POSTED: October 25th 2017

NEIL WILSON: Olympic gender equality should extend to the boardroom

Actress Katerina Lechou (R), acting the high priestess, lights the Olympic flame at the Temple of Hera in Olympia / Getty Images
Actress Katerina Lechou (R), acting the high priestess, lights the Olympic flame at the Temple of Hera in Olympia / Getty Images

THE NEIL WILSON COLUMN / An exclusive, authoritative series from Sports Features Communications

(SFC) One thing struck me about the ceremony of lighting the Olympic torch for next year's Winter Games when it took place at the ancient site of Olympia this week - no men.

Of course, there couldn't be if they were to follow the romanticised Hollywood version of a ceremony that probably never took place at the Ancient Olympics. The script called for Vestal Virgins.

They were Greek actresses in reality, and so was the High Priestess doing the honours of lighting the flame that will be conveyed by modern means of transport to South Korea over the next few months.

But seeing unanimity of women in the Olympic context is still odd. Even a majority of women has yet to be achieved.

Women have been second class citizens of the Olympic movement since the beginning of time. Not allowed to compete or even watch in ancient Olympics, they were kept at arm's length by Pierre de Coubertin and his aristocratic chums when he created the modern Games in the 19th century.

If Thomas Bach as the present president of the International Olympic Games has achieved anything historic in his terms of office it is the equalising of the sexes. Indeed, in 2020 the Winter Youth Olympics in the IOC's home city of Lausanne will be the first where the number of events and athletes will be completely equal.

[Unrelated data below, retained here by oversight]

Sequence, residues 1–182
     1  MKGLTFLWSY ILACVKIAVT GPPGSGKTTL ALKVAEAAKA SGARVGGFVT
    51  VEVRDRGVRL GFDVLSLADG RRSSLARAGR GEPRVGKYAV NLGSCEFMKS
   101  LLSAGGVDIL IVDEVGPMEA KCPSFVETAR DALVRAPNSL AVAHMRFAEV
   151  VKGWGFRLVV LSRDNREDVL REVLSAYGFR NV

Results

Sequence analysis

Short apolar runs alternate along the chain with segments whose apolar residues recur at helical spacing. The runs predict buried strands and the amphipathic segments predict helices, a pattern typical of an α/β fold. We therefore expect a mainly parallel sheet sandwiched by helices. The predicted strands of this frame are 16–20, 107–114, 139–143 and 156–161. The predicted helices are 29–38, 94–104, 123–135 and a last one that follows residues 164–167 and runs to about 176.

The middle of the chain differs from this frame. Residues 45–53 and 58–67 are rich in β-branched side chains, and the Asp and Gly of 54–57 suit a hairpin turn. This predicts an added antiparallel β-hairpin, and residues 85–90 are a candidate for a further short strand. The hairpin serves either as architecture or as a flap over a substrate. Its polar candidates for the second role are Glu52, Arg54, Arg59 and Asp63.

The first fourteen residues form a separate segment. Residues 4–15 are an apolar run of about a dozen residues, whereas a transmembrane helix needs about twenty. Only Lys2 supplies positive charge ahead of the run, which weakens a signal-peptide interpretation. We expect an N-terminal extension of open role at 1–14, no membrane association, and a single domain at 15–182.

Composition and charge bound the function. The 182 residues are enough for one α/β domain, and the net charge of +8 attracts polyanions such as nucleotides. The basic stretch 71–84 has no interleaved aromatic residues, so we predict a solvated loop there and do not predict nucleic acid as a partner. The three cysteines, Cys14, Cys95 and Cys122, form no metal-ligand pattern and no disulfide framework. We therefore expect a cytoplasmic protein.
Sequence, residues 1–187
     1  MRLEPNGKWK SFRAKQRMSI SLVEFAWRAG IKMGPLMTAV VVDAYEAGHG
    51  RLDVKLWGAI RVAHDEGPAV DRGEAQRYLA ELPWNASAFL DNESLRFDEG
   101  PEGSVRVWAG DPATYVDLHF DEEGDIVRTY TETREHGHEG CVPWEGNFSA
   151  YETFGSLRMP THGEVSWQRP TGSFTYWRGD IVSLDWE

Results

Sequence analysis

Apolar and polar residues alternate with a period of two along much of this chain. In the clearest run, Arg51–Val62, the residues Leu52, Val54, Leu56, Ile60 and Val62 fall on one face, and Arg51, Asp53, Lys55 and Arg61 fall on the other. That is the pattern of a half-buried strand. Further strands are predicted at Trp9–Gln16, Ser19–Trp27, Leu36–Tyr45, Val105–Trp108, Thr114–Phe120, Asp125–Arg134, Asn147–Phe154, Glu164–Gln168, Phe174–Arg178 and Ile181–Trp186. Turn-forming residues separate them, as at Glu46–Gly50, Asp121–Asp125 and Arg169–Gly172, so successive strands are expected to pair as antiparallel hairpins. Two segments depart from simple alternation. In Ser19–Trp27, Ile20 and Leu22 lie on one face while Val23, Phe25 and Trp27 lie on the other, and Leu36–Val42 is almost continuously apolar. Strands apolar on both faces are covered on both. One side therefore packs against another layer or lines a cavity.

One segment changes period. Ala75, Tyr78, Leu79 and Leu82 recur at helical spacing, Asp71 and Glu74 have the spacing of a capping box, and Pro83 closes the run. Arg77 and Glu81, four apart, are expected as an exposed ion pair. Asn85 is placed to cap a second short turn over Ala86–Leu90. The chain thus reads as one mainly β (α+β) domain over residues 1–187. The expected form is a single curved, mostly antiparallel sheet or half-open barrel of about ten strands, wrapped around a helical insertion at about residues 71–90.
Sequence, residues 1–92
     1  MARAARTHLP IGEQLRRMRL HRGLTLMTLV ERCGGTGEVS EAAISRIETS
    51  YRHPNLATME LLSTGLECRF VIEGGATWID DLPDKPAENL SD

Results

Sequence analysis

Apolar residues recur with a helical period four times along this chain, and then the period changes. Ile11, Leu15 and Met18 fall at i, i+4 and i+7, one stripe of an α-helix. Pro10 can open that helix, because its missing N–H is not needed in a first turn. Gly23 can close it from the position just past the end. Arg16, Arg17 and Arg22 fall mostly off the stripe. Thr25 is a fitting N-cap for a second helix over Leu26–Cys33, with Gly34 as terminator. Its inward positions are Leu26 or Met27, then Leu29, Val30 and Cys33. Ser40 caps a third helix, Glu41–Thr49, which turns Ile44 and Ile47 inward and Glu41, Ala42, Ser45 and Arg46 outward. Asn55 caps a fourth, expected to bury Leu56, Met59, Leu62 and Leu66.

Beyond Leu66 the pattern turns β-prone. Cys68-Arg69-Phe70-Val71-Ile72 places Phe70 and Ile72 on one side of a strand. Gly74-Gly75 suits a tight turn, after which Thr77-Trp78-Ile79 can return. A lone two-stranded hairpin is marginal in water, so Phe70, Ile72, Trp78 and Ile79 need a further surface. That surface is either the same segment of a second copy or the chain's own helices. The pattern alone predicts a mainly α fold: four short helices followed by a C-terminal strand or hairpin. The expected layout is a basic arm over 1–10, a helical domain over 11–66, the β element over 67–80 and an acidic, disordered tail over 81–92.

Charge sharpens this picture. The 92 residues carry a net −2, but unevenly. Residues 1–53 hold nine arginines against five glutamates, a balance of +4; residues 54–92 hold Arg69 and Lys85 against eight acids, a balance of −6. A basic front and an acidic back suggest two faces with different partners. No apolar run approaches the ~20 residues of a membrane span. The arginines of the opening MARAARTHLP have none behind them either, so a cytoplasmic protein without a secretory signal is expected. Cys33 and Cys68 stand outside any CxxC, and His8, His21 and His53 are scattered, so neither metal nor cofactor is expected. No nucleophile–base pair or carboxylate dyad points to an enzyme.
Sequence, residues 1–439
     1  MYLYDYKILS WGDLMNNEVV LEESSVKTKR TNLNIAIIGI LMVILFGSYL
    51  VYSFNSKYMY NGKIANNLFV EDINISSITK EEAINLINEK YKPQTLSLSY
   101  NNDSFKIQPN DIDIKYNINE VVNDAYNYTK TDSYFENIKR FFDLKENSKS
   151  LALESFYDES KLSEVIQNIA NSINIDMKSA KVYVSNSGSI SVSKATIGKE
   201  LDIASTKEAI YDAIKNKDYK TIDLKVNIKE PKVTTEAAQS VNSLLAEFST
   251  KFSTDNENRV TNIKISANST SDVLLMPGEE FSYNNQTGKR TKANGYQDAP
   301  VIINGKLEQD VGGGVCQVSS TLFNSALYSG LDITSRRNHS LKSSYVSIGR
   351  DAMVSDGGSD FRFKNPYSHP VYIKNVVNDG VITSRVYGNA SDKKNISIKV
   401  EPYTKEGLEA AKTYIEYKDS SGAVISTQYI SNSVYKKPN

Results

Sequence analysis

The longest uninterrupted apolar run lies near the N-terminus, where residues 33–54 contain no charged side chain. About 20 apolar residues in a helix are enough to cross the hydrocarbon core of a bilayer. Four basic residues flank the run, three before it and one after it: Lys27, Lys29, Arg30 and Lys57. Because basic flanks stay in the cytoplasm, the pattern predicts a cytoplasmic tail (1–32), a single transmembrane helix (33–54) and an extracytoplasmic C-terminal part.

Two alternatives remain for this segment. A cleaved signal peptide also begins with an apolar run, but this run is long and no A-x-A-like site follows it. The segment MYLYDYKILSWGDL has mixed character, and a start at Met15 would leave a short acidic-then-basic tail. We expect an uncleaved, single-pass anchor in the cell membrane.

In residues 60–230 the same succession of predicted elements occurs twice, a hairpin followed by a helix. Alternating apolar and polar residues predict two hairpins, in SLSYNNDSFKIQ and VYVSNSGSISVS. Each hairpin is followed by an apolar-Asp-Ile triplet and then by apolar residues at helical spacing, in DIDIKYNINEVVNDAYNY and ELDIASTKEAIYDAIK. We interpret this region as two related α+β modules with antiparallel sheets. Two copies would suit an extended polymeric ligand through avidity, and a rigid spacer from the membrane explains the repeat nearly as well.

They are getting closer than ever at the real thing. In Rio last year, 45.6% of the athletes were women. The United States, for only the second time, sent a team which contained more women than men.

And for the first time in 2012 in London - and again in Rio - under extreme pressure from the IOC every national team contained at least one woman.

In Tokyo in 2020 after the additions of mixed events to the programme, we are promised that 48.8% of the athletes will be women, closest ever to the 51% of the world's population that women comprise.

So Bach's proposal of gender equality in his Agenda 2020 is likely to be achieved in the duration of his presidency. Except in one area - his own administration.

All every well him pushing for it among athletes but he is far from the achievement in his corridors of power.

Just four women sit on his all-powerful Executive Board alongside 11 men. Just one woman is numbered among the four vice-presidents. On the IOC Commissions he has chosen there are only 38% women representatives.

And it is far worse lower down the administrative pyramid. An IOC study in 2015 found that less than 20% of members of National Olympic Committees were women and a tiny 14% sat on the executives of international sports federations.

Is it any wonder then in this year of Harvey Weinberg that we are discovering more and more allegations of abuse of women in sport, in US Olympic gymnastics and UK soccer, cycling and gymnastics.

Good governance needs gender equality. It is a century soon since the first woman sat in the US Congress and the British House of Commons. It is time surely for the first woman IOC president. That should be Bach's most fitting parting gift when it is his time to go.

** NEIL WILSON reported his first Olympic Games in Munich in 1972. He has since covered another nine summer and nine winter Olympics for various newspapers, including The Independent and the Daily Mail with whom he has worked for the last 19 years as Athletics and Olympic correspondent. He was Britain's Sports Journalist of the Year in 1984 and is the author of seven books.

****The views expressed are the author's own and do not necessarily represent the views of Sports Features Communications.

Keywords · Olympics · Neil Wilson

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